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The clean development mechanism versus international permit trading: the effect on technological change

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    Abstract

    The clean development mechanism of the Kyoto Protocol may induce technological change in developing countries. As an alternative to the clean development mechanism regime, developing countries may accept a (generous) cap on their own emissions, allow domestic producers to invest in new efficient technologies, and sell the excess emission permits on the international permit market. The purpose of this article is to show how the gains from investment, and hence the incentive to invest in new technology in developing countries, differ between the two alternative regimes. We show that the difference in the gains from investment depends on whether the producers in developing countries face competitive or noncompetitive output markets, whether the investment affects fixed or variable production costs, and whether producers can reduce emissions through means other than investing in new technology.

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    Bibliographic Info

    Paper provided by Research Department of Statistics Norway in its series Discussion Papers with number 521.

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    Date of creation: Nov 2007
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    Handle: RePEc:ssb:dispap:521

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    Keywords: Climate Policy; Technology Adoption; Emission Trading; Clean Development Mechanism; Technological Change; Cournot Competition;

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    1. Barbara J. Spencer & James A. Brander, 1982. "Strategic Commitment with R&D: The Symmetric Case," Working Papers 516, Queen's University, Department of Economics.
    2. Dixit, Avinash, 1980. "The Role of Investment in Entry-Deterrence," Economic Journal, Royal Economic Society, vol. 90(357), pages 95-106, March.
    3. Franz Wirl & Claus Huber & I.O Walker, 1998. "Joint Implementation: Strategic Reactions and Possible Remedies," Environmental & Resource Economics, European Association of Environmental and Resource Economists, vol. 12(2), pages 203-224, September.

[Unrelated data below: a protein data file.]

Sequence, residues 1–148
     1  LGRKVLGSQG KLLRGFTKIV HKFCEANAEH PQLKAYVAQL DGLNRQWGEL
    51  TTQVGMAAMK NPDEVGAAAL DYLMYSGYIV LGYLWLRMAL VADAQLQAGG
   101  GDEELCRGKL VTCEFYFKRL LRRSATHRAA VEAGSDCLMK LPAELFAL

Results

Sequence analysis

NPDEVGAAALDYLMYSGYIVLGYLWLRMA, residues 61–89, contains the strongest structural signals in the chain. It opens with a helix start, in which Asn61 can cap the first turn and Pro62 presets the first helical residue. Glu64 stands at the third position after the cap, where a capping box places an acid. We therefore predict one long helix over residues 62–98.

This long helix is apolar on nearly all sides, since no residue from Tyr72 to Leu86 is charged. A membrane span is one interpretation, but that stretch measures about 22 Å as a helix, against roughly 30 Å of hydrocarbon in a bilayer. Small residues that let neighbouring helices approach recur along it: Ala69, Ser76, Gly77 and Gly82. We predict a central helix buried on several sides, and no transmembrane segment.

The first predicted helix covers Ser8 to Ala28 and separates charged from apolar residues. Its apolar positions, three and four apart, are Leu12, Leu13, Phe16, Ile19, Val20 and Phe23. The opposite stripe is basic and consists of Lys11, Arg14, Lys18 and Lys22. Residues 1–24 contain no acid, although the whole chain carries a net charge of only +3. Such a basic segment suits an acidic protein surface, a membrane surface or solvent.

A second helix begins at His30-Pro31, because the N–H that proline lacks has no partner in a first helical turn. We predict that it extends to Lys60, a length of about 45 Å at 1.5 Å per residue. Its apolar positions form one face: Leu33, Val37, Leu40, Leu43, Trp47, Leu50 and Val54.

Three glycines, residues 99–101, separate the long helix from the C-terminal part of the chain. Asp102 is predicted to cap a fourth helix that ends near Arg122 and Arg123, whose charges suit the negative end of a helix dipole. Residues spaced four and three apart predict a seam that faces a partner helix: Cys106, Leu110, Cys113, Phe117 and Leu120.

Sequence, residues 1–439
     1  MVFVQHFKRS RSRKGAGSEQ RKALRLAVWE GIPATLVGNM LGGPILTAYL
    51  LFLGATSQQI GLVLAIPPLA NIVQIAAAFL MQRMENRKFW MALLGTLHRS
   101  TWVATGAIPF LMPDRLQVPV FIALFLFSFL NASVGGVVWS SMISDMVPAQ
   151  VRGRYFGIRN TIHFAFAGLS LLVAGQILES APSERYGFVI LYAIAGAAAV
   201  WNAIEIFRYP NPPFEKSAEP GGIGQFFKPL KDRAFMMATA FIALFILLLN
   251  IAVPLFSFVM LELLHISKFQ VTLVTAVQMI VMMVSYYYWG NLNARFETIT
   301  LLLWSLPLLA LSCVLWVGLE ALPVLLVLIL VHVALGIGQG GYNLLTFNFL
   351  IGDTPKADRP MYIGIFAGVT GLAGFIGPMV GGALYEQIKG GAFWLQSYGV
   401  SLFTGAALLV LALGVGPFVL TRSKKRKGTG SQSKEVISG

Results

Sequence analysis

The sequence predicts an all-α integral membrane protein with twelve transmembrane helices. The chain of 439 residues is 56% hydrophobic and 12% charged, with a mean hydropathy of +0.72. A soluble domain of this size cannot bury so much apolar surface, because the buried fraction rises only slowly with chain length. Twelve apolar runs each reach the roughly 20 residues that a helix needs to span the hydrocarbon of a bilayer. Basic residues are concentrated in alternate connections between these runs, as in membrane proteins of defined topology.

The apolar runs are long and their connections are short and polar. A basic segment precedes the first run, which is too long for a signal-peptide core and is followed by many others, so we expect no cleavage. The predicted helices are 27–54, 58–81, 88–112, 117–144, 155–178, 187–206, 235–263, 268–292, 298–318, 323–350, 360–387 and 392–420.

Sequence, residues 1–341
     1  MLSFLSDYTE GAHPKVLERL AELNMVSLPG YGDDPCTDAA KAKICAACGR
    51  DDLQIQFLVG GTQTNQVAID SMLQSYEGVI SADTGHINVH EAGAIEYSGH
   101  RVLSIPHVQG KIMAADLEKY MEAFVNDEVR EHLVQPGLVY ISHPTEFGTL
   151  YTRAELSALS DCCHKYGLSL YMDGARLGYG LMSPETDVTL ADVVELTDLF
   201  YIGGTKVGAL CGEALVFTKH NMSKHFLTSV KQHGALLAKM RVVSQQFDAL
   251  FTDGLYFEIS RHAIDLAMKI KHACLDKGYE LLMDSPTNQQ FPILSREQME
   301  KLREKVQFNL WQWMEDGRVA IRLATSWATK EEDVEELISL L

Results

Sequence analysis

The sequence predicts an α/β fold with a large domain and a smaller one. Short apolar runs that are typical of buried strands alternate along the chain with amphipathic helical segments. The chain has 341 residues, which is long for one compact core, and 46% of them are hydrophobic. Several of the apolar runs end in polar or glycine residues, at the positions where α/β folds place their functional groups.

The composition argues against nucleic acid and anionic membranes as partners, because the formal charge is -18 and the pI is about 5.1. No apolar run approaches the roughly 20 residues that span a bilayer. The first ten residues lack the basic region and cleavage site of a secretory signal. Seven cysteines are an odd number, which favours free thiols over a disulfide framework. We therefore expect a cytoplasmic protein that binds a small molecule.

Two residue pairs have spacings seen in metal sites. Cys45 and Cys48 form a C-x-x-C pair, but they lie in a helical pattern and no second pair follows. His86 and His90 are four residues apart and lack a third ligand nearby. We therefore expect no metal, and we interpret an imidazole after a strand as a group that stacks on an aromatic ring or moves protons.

4. Adam Jaffe & Richard Newell & Robert Stavins, 2002. "Environmental Policy and Technological Change," Environmental & Resource Economics, European Association of Environmental and Resource Economists, vol. 22(1), pages 41-70, June.
    5. Requate, Till, 1998. "Incentives to innovate under emission taxes and tradeable permits," European Journal of Political Economy, Elsevier, vol. 14(1), pages 139-165, February.
    6. Millock, Katrin, 2002. "Technology transfers in the Clean Development Mechanism: an incentives issue," Environment and Development Economics, Cambridge University Press, vol. 7(03), pages 449-466, July.
    7. Jeremy I. Bulow & John Geanakoplos & Paul D. Klemperer, 1983. "Multimarket Oligopoly," Cowles Foundation Discussion Papers 674, Cowles Foundation for Research in Economics, Yale University.
    8. Steffen Kallbekken & Hege Westskog, 2005. "Should Developing Countries Take on Binding Commitments in a Climate Agreement? An Assessment of Gains and Uncertainty," The Energy Journal, International Association for Energy Economics, vol. 0(Number 3), pages 41-60.
    9. Fischer, Carolyn, 2004. "Project-Based Mechanisms for Emissions Reductions: Balancing Trade-offs with Baselines," Discussion Papers dp-04-32, Resources For the Future.
    10. Breton, Michele & Zaccour, Georges & Zahaf, Mehdi, 2006. "A game-theoretic formulation of joint implementation of environmental projects," European Journal of Operational Research, Elsevier, vol. 168(1), pages 221-239, January.
    11. Cathrine Hagem, 1996. "Joint implementation under asymmetric information and strategic behavior," Environmental & Resource Economics, European Association of Environmental and Resource Economists, vol. 8(4), pages 431-447, December.
    12. Greaker, Mads, 2003. "Strategic environmental policy; eco-dumping or a green strategy?," Journal of Environmental Economics and Management, Elsevier, vol. 45(3), pages 692-707, May.
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